Astigmatism will be the same diopter as SHP in the same eye soon is that bad?

So I’m on my 2nd pair of normalized, with my next SPH reduction my SPH is going to be the exact same number as my CYL in the same eye, and my question is if that’s good or bad or nothing to worry about? I have read the blog on astigmatism, and watched Gems videos but I haven’t seen anyone mention this, because everyone I know that has both SPH and CYL the numbers are never the same in the same eye, either one is higher or lower but never the same in the same eye. So what I’m thinking of doing is I reduce just the CYL in my next normalized and don’t touch the SPH since I know you’re not supposed to reduce both at the same time.

When you say SHP, you mean SPH (short for sphere = spherical because the lens has the same power in all directions)?

SPH needs show your general level of myopia and CYL additional power needed in a particular direction, so they are independent of each other. If your overall SPH is reduced you’re reducing the lens power in all directions including the direction in which your CYL gives you extra refractive power, so you see it’s not really relevant whether they’re the same number or not.

What’s true is that usually CYL is lower than SPH because it’s like the tweaking number on the general myopia number.

So if I have -2.00 myopia and -2.00 astigmatism in my left eye it’s ok?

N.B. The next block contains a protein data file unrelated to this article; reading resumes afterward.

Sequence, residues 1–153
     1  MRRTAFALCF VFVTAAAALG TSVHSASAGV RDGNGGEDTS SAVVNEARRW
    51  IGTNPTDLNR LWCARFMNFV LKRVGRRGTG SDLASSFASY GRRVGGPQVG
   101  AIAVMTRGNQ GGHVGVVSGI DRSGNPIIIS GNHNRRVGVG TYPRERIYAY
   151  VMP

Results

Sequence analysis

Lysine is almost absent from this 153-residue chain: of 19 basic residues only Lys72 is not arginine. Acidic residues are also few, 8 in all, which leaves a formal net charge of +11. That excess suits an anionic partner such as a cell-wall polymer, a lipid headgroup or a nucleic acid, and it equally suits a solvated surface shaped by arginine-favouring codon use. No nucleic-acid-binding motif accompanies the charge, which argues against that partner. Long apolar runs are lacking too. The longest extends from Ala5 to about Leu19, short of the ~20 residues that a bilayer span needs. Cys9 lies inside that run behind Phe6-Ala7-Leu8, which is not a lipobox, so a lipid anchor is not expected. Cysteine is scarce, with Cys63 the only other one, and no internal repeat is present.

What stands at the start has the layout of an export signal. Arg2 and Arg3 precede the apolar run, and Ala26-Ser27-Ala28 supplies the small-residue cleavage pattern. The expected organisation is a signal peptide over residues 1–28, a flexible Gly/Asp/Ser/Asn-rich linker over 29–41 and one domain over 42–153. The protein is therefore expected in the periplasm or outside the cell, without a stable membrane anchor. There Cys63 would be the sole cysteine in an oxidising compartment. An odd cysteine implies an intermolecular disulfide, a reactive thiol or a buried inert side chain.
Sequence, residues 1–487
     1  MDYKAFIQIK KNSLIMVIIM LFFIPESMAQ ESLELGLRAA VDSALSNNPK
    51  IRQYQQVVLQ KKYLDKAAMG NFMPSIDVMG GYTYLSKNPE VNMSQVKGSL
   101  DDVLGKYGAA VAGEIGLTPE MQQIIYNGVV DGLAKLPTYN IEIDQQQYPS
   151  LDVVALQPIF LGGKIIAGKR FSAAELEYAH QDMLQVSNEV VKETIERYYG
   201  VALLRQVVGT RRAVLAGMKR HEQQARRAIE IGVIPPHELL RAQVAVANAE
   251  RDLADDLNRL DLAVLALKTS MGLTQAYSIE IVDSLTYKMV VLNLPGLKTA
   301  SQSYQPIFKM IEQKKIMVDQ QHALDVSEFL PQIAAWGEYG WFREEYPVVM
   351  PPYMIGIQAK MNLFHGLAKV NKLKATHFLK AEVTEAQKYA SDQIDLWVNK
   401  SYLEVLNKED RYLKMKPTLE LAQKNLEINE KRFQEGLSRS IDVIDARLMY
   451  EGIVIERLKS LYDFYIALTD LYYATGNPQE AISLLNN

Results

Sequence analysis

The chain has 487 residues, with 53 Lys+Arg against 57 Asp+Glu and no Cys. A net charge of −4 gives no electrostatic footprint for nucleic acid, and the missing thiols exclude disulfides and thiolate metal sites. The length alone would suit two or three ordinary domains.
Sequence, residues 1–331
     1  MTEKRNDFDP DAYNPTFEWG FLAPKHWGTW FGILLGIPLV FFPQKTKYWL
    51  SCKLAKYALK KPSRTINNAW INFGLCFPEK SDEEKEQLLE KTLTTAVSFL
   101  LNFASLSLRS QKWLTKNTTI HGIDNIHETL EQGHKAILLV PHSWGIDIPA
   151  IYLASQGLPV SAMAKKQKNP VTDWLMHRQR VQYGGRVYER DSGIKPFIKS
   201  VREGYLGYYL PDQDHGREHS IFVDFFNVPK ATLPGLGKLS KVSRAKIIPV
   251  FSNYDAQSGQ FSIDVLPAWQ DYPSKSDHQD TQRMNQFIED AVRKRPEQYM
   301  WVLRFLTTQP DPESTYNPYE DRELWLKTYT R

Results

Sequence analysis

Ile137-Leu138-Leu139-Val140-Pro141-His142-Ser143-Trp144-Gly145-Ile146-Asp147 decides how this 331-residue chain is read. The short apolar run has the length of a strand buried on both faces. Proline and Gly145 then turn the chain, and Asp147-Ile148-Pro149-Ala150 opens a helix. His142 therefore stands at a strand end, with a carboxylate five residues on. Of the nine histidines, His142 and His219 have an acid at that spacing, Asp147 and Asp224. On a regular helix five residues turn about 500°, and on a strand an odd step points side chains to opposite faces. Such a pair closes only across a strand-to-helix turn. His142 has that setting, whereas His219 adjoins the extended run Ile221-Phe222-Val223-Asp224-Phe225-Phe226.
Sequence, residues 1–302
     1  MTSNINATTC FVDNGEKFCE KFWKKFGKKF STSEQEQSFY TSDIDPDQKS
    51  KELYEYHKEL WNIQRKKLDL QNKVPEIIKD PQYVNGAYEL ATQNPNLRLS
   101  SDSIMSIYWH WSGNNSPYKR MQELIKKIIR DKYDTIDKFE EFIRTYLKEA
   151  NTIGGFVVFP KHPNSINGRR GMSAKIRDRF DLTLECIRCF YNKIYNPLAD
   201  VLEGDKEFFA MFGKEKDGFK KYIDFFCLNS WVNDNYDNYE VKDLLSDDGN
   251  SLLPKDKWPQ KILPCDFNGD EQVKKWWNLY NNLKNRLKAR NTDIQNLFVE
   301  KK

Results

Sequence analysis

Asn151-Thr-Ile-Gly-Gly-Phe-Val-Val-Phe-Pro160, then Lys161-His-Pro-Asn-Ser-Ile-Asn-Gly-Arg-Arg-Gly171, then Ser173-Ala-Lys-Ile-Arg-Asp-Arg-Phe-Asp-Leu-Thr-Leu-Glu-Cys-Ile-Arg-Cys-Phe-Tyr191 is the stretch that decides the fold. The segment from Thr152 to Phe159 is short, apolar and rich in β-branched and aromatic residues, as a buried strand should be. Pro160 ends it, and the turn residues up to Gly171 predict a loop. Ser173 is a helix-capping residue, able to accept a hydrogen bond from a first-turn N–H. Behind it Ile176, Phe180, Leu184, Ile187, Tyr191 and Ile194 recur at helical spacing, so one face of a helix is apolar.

I don’t see anything wrong with it. As long as you can see with them I think they are fine. I too have a similar situation (distance glasses had sph to cyl ratio of -3.25/-3.25). You might eventually end up with no SPH but still have some CYL left over and that’s okay. Some people in the endmyopia community have been prescribed 0 SPH and only CYL correction. You might want to look into spherical equivalent (reducing CYL but adding more SPH to compensate) but this might be harder to get adjusted to, so “listen” to what your eyes are asking for.

1 Like

It’s possible, sure.

Since you had 2 drops from sph already you know what a “drop and then the working for clear vision” is. EM recommends dropping from sph first to get into the practice, learn about your eyes and have some positive experience before working on more complex changes like cyl or equalising.
So it would be sensible to try a cyl drop next. Cyl drop usually takes more time and patience as the brain’s adjustment part is more significant. And yes, it is not recommended to reduce from sph and cyl at the same time as if you later find it a challenge to clear the blur you won’t know which part was too much.
Basically you have 3 options: drop small from the cyl, drop more from the cyl, drop more but add some sph back. Since you are used to the cyl correction within the eye and because the cyl value is relatively high, I wouldn’t recommend going cold turkey on cyl.
I assume you still wear differentials for close up. Most people find it helpful to drop cyl from both diffs and norms. Most people keep it consistent, but some people can drop a bit more from diffs than from norms, or only drop from diffs first.
You can try determining the drop by measurement or by making a decision and testing the result. There’s no right or wrong way. Most probably there will be a bit of stepping back and forth during the journey of reducing cyl, the brain can be a stubborn part…
Brace yourself for more ghosting challenges while the brain is trying to figure out how to process the different amount of blur within the image coming from within one eye plus then merging the left and right images… But when you crack the code, you’ll have one more EM skill under your belt! :relaxed: